There are other good reasons why “Eliot Spitzer for the Democratic comptroller nomination” (Editorial, Aug. 22) makes sense.
Consider New York City has a municipal budget approaching $70 billion dollars with over 220,000 employees. This is greater than many states and nations. Spitzer’s opponent, Manhattan Borough President Scott Stringer, who also previously served as a legislative assistant to state Assemblyman and Congressman Gerald Nadler, along with serving as a member of the state Assembly, has no private sector experience. He has never built a business, balanced a budget, created jobs, met a payroll or managed any significant agencies with large numbers of employees.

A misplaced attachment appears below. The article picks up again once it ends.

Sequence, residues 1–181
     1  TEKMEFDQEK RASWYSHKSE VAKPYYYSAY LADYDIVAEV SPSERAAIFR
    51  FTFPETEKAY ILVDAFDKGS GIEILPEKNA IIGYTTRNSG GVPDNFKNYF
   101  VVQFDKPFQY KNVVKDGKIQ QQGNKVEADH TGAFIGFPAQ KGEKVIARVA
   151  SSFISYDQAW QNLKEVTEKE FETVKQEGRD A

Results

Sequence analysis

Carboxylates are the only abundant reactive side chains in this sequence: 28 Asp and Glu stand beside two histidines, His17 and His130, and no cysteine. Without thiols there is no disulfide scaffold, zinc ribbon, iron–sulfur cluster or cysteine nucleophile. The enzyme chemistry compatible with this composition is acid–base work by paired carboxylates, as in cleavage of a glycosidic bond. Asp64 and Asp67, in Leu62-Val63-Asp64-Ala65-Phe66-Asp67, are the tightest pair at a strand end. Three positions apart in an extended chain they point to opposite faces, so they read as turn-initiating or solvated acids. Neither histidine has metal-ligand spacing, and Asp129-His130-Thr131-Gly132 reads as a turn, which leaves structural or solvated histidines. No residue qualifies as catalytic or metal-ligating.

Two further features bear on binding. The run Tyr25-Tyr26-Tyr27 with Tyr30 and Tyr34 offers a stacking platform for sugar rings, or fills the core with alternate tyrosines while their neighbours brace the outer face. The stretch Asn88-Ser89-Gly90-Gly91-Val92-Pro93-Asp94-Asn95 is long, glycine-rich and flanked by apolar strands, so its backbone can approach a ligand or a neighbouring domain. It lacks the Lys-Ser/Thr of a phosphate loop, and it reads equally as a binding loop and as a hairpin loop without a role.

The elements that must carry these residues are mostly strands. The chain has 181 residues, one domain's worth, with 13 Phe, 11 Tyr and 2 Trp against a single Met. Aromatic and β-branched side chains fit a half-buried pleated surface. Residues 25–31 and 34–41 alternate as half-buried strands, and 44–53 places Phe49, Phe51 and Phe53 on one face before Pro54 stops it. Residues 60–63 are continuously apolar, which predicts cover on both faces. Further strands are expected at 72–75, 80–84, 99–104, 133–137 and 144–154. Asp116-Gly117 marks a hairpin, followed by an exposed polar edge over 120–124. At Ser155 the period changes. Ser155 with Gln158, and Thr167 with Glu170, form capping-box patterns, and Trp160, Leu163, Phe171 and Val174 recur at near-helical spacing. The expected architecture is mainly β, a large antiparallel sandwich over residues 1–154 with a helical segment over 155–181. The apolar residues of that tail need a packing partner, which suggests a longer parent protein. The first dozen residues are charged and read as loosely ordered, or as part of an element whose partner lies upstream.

Stringer has been running around town campaigning since November 2009, “unofficially” running for mayor as term limits prevents him for running Manhattan borough president in 2013. His dreams of running for mayor never got off the ground. Stringer had been consistently polling at no greater than 5 percent among potential Democratic Party primary voters over the past three years, coming in last among the four leading candidates. So he decides instead to run for comptroller. This hardly makes him a credible candidate. Stringer is just another career politician looking for his next meal ticket.